Understanding the sleep-memory connection
If you’ve ever had a bad night of sleep and felt foggy the next day, you know how important a good night’s rest is for our brain function. Here, we delve a little deeper into just how important it is when it comes to cognition and memory.
Sleep is important for our brains, explains Dr. Uma Naidoo, MD, a Harvard-trained nutritional psychiatrist, professional chef, nutrition specialist, and author of the bestseller This is Your Brain on Food. Sleep helps us rest and it restores our energy.
“Sleep has been proven to improve memory recall, regulate metabolism and reduce mental fatigue. When we are asleep, the brain recharges and reorganizes itself; toxic waste and by-products from the day are removed. Sleeping helps clear out the brain,” she says.
Dr. Chelsie Rohrscheib, head sleep specialist and neuroscientist at Tatch, explains that although we are resting while we sleep, the process of sleep is actually an extremely active one in which many essential biological activities are carried out.
“Some of these processes include hormone release, immune system strengthening, tissue and cell repair, memory consolidation, brain waste clearance, and brain remodelling, Rohrscheib says. “Most of these processes occur during later stages of sleep, stage 3 of Non-REM slow-wave or deep sleep, and stage 4 REM sleep, when we experience dreaming.
“During slow-wave, deep sleep the brain uses the glymphatic system to clear away metabolic wastes that accumulate up during the day,” Rohrscheib says. “When you’re sleep deprived, these wastes accumulate and can reduce the function of your brain cells (neurons), by making it more difficult for them to communicate. This can cause large deficits in our cognitive functioning. Scientists have also found that reduced brain waste clearance over time increases your risk of developing neurodegenerative disorders like Alzheimer’s disease and dementia.”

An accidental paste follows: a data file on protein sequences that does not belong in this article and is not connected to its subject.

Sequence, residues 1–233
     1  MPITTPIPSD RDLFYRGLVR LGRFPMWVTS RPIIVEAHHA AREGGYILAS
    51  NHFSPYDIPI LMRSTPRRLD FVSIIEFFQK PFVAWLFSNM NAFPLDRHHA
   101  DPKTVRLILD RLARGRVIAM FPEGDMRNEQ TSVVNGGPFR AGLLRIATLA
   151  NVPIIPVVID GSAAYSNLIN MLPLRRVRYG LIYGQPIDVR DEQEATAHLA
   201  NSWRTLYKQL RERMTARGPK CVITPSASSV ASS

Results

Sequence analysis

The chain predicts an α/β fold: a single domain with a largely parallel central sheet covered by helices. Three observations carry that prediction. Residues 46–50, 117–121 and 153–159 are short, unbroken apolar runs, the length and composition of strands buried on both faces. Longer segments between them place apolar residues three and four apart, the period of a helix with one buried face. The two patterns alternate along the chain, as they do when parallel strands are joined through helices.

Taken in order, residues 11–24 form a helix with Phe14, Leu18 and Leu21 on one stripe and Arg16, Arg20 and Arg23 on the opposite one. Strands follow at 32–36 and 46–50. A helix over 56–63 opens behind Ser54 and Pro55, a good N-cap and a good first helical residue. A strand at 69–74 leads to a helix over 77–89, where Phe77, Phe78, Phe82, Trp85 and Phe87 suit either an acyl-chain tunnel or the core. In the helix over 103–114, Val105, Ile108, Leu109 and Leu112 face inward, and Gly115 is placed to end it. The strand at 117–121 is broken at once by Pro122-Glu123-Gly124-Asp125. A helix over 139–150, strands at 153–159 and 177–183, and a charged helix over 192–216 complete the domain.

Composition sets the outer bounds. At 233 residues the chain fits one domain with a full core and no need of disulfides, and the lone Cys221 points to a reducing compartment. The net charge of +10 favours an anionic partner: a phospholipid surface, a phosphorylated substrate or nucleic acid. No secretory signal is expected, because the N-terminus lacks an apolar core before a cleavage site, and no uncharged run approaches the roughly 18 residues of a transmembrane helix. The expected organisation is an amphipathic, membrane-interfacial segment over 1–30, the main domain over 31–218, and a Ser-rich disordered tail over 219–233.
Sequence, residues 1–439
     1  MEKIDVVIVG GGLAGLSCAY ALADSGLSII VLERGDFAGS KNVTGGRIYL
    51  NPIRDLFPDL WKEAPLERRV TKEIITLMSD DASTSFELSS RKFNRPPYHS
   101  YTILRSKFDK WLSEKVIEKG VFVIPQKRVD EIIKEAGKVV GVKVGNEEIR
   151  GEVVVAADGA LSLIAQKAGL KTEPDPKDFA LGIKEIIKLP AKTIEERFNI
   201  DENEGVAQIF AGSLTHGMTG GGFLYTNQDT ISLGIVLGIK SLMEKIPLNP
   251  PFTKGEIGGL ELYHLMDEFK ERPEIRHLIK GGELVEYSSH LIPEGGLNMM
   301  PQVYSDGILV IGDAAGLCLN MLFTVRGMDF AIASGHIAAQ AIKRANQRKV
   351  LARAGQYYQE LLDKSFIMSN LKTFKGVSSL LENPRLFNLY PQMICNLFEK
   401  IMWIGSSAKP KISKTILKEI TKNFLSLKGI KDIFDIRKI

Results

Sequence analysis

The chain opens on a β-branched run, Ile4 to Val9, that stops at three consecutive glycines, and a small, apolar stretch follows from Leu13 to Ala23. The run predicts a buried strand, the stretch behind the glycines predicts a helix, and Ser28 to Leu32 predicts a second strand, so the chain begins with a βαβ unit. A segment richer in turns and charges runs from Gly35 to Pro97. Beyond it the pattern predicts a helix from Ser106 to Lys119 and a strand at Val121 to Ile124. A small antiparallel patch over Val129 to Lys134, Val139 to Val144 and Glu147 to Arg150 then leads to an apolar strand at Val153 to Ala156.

Neuroplasticity, cognition and memory
Rohrscheib explains that both deep and REM sleep are also needed for neuroplasticity, which is the brain’s ability to adapt to changes in an individual’s environment by forming new neural connections over time.
“Reduced neuroplasticity negatively affects cognitive functioning,” she says.
Deep and REM sleep are also required for memory consolidation, she adds.
“During the day, the things we learn are stored as short-term memories in the area of the brain called the hippocampus. In order for a short-term memory to be turned into a long-term memory, the brain [has] to relocate the information from the hippocampus to the neocortex. This movement and storage [of] memories occurs during the later stages of sleep. People who are sleep-deprived retain less information and perform poorly on memory tasks compared to people who get sufficient sleep.”
Last but not least, sleep is important for attention regulation, Rohrscheib says.